Recording Contract

Recording is an integral part of social care work but is a task
that is not met with undiluted enthusiasm. If anything it can be
resented (“I’m not a typist”), as seemingly increasing paperwork
takes more time away from “real” work with service users. Neither
are staff trained to record effectively – often they are just
expected to know how to do it.

Nonetheless, workers do understand its importance. Recording has
several purposes: it provides evidence of an organisation’s
involvement with a service user and the standard of service; helps
with continuity when workers are unavailable or change; provides
evidence for planning, and allocating resources; and supports
supervision and professional development.

However, workers can be sceptical about new systems or audits that
are imposed from outside or above. So, the refreshingly simple
solution adopted by community care services in Reading, Berkshire,
was to have workers do it themselves.

Team manager Melanie Birtchnell says: “Our multi-disciplinary
practice reference group (PRG) was set up as part of our quality
improvement agenda. It includes occupational therapists, social
workers and case co-ordinators and it has been involved in projects
such as developing assessment and care planning tools.”

With support from two external consultants – Andy Foster and
Jacquie Henley – the PRG turned to case file recording. Birtchnell
says: “We knew our files needed work but we didn’t have the tools
to see where we were or to set benchmarks. Practitioners do spend
lot of energy doing paperwork so it’s better to spend that energy
doing it right.”

Foster says: “We managed the audit but it was carried out by
members of the PRG because we felt there would be greater ownership
of the process. The comprehensive audit tool, which has 120 areas
of enquiry, was agreed on the fourth draft, which shows it was a
collaborative process.”

After the audit of 50 case files, the PRG, team managers and
assistant team managers agreed an action plan from the audit
report’s recommendations. Case co-ordinator Anita Hawthorne says:
“Staff weren’t so anxious about changes because they knew that
their colleagues had been involved.”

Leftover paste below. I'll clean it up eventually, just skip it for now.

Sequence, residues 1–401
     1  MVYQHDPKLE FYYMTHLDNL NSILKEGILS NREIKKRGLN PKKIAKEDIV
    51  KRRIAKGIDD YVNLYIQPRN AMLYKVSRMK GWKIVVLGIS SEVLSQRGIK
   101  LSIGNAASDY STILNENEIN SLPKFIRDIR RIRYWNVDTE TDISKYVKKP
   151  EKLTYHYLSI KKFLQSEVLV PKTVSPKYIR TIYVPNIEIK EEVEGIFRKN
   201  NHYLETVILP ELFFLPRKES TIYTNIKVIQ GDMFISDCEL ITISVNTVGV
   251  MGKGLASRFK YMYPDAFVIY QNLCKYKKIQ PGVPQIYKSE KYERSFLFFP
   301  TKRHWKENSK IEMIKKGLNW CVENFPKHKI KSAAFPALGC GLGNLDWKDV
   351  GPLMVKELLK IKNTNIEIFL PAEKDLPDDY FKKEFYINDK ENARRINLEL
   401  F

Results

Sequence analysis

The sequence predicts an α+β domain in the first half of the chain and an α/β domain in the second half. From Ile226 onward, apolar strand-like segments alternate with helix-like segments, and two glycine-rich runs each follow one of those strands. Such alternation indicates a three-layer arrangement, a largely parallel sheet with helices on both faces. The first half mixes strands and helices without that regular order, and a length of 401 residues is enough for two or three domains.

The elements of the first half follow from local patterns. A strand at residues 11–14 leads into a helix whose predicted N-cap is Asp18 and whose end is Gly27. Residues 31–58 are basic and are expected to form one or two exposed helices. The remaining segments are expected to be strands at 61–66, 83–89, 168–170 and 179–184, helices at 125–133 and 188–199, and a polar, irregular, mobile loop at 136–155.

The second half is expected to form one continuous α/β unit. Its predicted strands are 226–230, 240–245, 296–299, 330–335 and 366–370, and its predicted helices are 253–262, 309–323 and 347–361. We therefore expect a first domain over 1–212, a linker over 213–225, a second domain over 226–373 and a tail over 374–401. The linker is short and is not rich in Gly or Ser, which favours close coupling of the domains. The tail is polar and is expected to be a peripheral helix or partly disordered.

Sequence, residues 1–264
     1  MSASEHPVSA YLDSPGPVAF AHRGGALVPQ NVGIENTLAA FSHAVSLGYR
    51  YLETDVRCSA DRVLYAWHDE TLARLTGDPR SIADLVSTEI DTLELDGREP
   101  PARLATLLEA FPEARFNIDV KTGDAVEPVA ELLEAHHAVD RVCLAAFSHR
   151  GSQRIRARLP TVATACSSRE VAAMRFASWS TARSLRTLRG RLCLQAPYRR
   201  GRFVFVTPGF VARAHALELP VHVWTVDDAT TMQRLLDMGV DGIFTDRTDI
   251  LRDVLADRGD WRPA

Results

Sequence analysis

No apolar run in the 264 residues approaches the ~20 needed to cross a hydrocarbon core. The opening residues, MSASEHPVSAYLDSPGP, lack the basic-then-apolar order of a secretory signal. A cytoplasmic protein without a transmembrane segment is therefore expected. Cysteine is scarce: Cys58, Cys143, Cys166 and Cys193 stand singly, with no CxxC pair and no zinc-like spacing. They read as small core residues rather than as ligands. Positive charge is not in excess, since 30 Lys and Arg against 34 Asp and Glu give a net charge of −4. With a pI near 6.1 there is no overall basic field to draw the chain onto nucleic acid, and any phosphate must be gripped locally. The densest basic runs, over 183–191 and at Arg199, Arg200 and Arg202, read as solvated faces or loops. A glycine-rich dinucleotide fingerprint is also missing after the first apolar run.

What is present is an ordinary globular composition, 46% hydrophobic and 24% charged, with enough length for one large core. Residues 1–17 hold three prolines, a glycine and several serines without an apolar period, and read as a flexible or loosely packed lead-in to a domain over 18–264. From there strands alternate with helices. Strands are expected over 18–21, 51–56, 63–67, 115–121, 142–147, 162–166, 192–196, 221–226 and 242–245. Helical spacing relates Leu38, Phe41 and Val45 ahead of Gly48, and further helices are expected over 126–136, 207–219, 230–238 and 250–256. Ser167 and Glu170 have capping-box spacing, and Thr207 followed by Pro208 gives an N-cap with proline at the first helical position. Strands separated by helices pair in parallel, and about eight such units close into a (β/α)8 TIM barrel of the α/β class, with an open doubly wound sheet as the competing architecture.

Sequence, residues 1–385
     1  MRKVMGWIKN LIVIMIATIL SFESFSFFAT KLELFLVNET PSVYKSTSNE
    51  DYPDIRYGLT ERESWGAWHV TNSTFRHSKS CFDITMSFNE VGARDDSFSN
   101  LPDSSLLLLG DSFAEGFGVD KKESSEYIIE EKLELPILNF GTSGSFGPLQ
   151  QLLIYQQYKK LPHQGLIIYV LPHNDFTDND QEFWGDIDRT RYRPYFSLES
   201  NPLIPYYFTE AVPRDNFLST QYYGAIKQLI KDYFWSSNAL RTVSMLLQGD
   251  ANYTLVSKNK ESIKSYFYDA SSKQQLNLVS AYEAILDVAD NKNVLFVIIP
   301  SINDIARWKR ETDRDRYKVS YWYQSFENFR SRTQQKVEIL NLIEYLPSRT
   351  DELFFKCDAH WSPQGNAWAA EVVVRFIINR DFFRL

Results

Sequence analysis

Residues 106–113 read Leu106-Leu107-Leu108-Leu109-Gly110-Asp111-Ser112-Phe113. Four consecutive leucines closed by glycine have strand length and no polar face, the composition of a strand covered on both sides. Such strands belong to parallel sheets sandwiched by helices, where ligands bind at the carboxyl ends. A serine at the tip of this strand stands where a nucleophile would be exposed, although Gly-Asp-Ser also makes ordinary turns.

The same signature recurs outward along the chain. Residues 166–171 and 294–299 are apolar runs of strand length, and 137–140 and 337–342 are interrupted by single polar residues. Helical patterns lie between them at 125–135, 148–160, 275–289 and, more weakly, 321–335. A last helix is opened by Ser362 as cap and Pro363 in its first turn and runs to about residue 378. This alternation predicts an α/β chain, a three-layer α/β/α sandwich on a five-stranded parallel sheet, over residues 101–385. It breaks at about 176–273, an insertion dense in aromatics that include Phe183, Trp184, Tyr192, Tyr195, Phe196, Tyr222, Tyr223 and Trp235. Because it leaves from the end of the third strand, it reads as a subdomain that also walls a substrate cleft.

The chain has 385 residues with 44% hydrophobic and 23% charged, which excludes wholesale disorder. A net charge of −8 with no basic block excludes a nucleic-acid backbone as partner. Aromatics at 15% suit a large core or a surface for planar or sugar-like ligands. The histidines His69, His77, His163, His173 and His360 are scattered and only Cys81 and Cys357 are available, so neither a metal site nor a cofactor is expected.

Checking colleagues’ files was a worry for some. Occupational
therapist David Coast says: “I was thinking, ‘Oh no, I’m going to
be poking around my mate’s file’. This seemed like bad news. But we
were reassured and we were able to reassure our colleagues that
there would be no repercussions. If there was a rubbish file you
wouldn’t get hauled up in front of the management”.

Hawthorne adds: “It was also successful because our colleagues
really supported us in allowing us to do the audit.”

Anxieties apart, the audit itself proved an eye-opener. Senior
practitioner, occupational health, Melanie Adcock says: “It was
amazing how much duplication there was, and the amount of
paper-chasing needed to get authorisation signatures from
management – which reduced the time people spent with

Coast adds: “I knew we needed to improve but I didn’t know how much
until we had to answer all the questions from the audit
The audit found that a lack of time often prevented good work being
recorded which, says Birtchnell, “didn’t do the
worker justice”.

However, Foster adds: “In reality if it’s not evidenced on file it
can only be assumed that it hasn’t taken place.” There were also
difficulties in pulling out information from many files. “It was
usually there and often in the contact sheets – but there could be
about 50 of them,” says Coast.

The process, says Hawthorne, also helped staff feel more empowered.
She says: “I feel valued because the department listened when I
said things, and I feel proud to have been involved. Even if I move
jobs I will still have had a big input into designing this tool and
so will have left a piece of me here.”


  • There will be greater staff ownership if staff are involved. 
    Hawthorne says: “People pay more attention to thins like that. 
    It’s like if one of their own, as it can’t be all that bad.”
  • Build trust with staff.  Coast says: “I was apprehensive about
    the PRG at first and it took a few good meetings before we could
    trust management.  But once we could it was good for them to hear
    what we were saying.”
  • It can lead to other things. Adcock says: “We’ve been thinking
    about making care plans more specific, alive and relevant to
    service users.”

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